Recipient: Sabine (sabinelagrande)
Request: Dr. Strange/Clea, precanon
Author's Notes: I am so sorry about how late this is. There is no excuse.
Huge thanks to Aaron, for betaing and brainstorming.
In her world, Clea had been a being of considerable power. She could bend reality and wield objects with the ability to destroy worlds. She was not, however, that adept at making soup.
Soup, in all its infinite varieties, was something with which she now had vast experience. Her husband might be a daring sorcerer capable of sweeping a powerful young girl off her feet and freeing her from her despotic overlord uncle, but his one great weakness was his stomach. The great Dr. Strange’s most nefarious enemy was neither the dread Dormammu nor the fearful Baron Mordo, but his own careless disregard for his health.
Her husband had not slept for four days, and in that time all of his eating had been at her behest. She found a beef stew with a carefully selected blend of restorative herbs worked best in these situations. It was fragrant enough to break through the doctor’s stalwart oblivion to his appetite, and he was just practical enough to recognize that one should never let a fresh soup go cold.
“My love,” she began, “lifting that spoon seems to be using all of your strength. You must rest.”
“No, dearest, what I must do is find the crew of the Fantastick, for the world is a frightening place without them. All of the needs of the body pale in comparison to that.
“Besides,” he continued in the face of her sigh, “this stew is renewing my strength as we speak. Did you use extra sage?”
“That, and a dash of ground flax seed. There is a crone who sets shop up in the market, and she swears by it.”
"Other women's husbands kill themselves slowly with drink and a lack of attention to the humors, or so I hear. I'm not sure, but I think I might prefer that to you killing yourself in the flash of an amulet."
Clea spooned more chicken broth into her husband's paled lips and watched him struggle to swallow it down.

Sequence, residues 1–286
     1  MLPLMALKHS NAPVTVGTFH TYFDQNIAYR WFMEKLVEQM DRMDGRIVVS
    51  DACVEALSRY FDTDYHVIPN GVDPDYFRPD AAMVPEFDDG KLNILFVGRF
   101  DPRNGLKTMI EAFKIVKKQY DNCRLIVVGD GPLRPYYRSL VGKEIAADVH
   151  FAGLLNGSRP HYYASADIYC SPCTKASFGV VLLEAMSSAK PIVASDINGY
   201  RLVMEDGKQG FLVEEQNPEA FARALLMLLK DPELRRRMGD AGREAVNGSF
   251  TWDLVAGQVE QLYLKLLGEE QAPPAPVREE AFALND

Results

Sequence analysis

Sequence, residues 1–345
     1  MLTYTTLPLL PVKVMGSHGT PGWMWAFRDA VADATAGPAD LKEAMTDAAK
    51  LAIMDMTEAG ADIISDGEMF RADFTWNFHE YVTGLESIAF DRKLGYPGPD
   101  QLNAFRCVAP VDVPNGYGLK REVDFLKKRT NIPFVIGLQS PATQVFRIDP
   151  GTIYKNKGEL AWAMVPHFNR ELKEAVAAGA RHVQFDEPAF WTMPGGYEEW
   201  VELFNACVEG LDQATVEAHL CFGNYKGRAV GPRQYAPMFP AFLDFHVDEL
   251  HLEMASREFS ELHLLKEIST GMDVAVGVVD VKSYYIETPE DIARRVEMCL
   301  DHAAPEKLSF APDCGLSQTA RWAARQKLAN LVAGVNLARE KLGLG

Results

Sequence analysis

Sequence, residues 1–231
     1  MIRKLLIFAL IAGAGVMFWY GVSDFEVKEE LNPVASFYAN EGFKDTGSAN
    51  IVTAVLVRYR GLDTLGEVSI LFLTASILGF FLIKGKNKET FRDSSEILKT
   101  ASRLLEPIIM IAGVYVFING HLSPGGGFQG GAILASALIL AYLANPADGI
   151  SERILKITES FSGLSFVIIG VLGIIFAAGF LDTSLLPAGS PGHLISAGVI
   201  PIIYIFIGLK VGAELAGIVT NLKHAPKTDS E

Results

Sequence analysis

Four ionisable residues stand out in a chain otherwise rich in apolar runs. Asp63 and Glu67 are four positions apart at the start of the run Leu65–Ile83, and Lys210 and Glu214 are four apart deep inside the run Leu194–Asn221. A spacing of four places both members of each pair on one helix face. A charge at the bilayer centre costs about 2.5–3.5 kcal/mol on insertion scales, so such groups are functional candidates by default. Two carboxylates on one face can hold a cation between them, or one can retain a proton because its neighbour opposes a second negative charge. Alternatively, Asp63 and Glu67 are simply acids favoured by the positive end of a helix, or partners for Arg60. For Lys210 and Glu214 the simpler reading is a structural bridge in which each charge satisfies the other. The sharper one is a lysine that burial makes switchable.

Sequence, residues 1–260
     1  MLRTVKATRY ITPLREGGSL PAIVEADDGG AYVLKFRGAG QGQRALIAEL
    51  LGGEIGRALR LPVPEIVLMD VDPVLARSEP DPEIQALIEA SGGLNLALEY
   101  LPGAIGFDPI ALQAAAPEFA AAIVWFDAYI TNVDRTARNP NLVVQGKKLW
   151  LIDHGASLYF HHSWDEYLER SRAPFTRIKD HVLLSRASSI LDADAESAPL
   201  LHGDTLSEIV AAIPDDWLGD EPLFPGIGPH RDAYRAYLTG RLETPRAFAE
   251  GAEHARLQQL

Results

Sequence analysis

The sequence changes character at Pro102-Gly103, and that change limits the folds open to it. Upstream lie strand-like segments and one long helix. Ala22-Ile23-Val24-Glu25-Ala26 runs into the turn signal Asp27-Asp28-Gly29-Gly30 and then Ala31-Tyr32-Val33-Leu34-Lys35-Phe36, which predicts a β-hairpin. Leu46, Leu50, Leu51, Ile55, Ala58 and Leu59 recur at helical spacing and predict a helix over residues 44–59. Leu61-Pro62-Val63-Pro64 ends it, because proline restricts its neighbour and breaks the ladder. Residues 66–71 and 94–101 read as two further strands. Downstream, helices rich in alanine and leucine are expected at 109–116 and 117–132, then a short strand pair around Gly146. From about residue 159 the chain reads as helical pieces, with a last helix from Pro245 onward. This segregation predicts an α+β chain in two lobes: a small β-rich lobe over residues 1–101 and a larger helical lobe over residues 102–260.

"I disagree, love," Stephen answered. "Magical amulets and demonic sorcerers are things you understand, things you can fight. Ale and the Plague are mortal matters, a bit beneath your concern."
"Stephen, you perhaps forget that you are mortal, making all such matters of concern to me. Precisely how many mystical brushes with death will it take for you to remember your mortality, darling?"
"I am fully aware of the limits of the flesh. However, I believe that few humans stretch themselves to their full potential, and that is my aim."
He swallowed the final sip of broth and settled back against his pillows.
"For the moment," he said, "this body is spent." Stephen reached up to stroke her cheek with chilled fingertips. "Thank you for the care you give me, Clea."
"I only wish there were more I could do," she whispered.
Clea had never met the Queen before. Truly, she was a formidable woman, although not as imposing as the potentates who knelt before her uncle. This Queen was mortal in a way none of them were. If there was any life within her, it was hidden under the lead and carmine of her face powders.
"—Therefore I name you Sir Stephen Strange, knight of the realm," the Queen said. Her hand trembled as she swung the shiny tin sword over Stephen's shoulders. The Archbishop of Canterbury scowled at him. If anyone had any illusions, he felt the need to make it clear that he did not feel the Queen's pet sorcerer should be knighted, even if he had saved the Queen from a bowl of poisoned soup.
"May I present my wife to your Majesty?" Stephen asked. Clea came forward on cue. It was hard to meet the Queen's eyes, if only because she was concentrating on making her own eyes appear as human as possible. "Her name is Clea, of the royal House Dormammu."
"Dormammu? We have not heard of such a royal family," the Queen said. "It is not Russian, is it? You are so fair haired, you must be from the north, and Russian names are fond of their consonants." Clea saw the Archbishop eye her as if she were a toad.
"It is a far distant land, Your Majesty," Clea said. "Although not Russian, for my uncle rules as King, and we worship none of their idolatrous images." It was difficult not to be amused at the Archbishop's disappointment.
"All of Russia rules itself as King, as I understand it," the Queen laughed. "Dormammu. I recall now, the ruling family of Finland. We have not had an embassy from them in many years."
"Yes, your Majesty," Clea said. "It is a very difficult voyage from here to there." The Queen nodded, and the audience ended with the nobility of the realm giving Stephen half-hearted cheers. Indeed, Stephen himself seemed hardly interested in the proceedings.
"Tell me, my dear," he said as their carriage transported them home. "Why is it the Queen believes you to be a princess of Finland?" The look he gave her was not truly suspicious. He knew that she would never use magic on his sovereign without his consent.
"She is the Queen," Clea said. "If she believes I am Finnish, then who is to say her nay? After all, husband, she chooses to believe that you are merely an adept medical doctor and not the witch or charlatan or Jew many say you are." Stephen laughed then, and she realized it had been days since he had been anything but focused and aloof.
"Too bad Sir Nicholas was not of the same opinion," he mused. "The man was unaccountably upset that I was the one to intercept the assassin and not himself."